Published on October 20, 2021

NMMC Implants New Drug-Eluting Stent for Blocked Vessels in Legs

drug-eluting stent artTUPELO, Mississippi—Interventional cardiologist Barry Bertolet, M.D., recently implanted a new drug-eluting stent at North Mississippi Medical Center to treat plaque that has built up in arteries and is blocking blood flow to legs and feet.

Peripheral artery disease (PAD) affects the blood vessels in areas outside the heart—often, the arteries that send blood to the legs and arms. People with peripheral artery disease (PAD) have a higher risk of coronary artery disease, heart attack or stroke. PAD causes leg pain and can lead to foot ulcers, gangrene and even loss of a limb. Lifestyle changes can help stop the progression of PAD, but when lifestyle changes alone aren’t enough, doctors have new technology to get blood flowing to lower extremities again.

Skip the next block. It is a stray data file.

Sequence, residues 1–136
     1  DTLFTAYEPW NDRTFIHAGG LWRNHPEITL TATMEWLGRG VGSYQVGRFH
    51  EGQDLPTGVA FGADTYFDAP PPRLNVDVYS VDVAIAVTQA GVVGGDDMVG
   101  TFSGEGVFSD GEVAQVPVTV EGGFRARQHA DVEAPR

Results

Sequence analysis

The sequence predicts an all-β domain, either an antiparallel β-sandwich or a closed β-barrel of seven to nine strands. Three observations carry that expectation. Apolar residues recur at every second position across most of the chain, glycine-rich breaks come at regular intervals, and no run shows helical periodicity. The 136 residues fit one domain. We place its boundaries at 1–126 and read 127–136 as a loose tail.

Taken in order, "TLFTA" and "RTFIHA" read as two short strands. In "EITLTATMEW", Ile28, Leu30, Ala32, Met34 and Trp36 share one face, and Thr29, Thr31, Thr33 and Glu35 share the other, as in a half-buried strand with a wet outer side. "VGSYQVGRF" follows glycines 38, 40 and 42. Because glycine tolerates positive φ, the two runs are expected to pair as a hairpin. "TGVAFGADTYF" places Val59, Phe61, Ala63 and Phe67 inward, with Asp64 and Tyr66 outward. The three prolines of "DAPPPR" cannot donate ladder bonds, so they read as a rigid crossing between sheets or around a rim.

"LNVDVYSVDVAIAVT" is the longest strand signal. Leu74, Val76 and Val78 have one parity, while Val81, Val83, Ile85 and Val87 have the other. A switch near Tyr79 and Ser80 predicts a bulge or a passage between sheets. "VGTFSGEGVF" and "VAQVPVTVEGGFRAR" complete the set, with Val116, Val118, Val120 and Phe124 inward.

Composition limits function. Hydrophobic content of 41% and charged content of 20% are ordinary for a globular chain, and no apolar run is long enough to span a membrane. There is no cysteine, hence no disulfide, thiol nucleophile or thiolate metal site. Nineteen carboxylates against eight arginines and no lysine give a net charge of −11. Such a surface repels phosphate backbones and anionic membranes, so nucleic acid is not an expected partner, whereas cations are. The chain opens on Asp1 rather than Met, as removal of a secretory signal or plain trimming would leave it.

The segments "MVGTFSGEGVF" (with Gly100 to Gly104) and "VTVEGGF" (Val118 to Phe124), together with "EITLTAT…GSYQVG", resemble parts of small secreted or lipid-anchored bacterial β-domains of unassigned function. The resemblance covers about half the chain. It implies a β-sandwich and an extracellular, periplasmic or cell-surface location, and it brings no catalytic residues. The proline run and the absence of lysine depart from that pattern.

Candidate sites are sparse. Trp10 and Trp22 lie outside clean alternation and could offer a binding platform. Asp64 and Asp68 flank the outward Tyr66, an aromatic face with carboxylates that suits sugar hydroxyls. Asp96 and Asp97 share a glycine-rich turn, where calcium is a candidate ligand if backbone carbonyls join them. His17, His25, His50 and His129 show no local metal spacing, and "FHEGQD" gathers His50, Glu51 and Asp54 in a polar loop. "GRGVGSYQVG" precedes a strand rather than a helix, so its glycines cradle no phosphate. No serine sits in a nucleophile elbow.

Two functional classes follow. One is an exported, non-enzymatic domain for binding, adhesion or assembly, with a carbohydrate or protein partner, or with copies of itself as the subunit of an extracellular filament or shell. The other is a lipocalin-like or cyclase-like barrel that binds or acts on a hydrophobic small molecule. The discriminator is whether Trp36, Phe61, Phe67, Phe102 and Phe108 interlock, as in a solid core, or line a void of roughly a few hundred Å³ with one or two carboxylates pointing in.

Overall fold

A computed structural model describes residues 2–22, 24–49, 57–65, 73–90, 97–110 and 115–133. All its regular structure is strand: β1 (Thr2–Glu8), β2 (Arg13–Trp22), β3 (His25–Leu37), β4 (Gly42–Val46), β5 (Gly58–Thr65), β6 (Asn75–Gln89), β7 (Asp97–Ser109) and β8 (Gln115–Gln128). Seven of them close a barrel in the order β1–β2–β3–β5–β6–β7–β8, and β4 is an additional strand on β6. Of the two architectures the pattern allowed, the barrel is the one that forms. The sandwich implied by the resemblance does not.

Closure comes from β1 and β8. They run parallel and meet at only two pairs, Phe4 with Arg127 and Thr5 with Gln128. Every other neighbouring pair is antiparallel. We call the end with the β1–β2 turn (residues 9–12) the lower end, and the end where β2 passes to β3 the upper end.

A drug-eluting stent can be placed into a narrowed artery to hold it open and slowly release a drug to help prevent further plaque buildup. Doctors have used drug-eluting stents for years for heart patients and in recent years for PAD patients, and Dr. Bertolet says the new Eluvia drug-eluting stent is showing great promise. “When compared with regular stents and other drug-eluting stents, this one has shown to be superior,” he says. “We will use the Eluvia stent in critical blockages in the thigh or knee that are causing pain when the person walks or has resulted in a non-healing wound.”

While all stents work well initially, Dr. Bertolet says their effectiveness tends to wane over time. “This new stent has a 92% primary patency rate, which means within a year the individuals’ artery is still wide open,” he explains. “This is best in class right now.”

NMMC is the only hospital in north Mississippi to offer the Eluvia drug-eluting stent. “Most patients can go home the same day we implant the stent,” Dr. Bertolet says. “Recovery time is short—less than 48 hours—and the person has no restrictions after that.”

At NMMC, the stents are being implanted by interventional cardiologists and vascular surgeons. For more information, visit www.nmhs.net/heart-vascular or call 1-800-THE DESK (1-800-843-3375).

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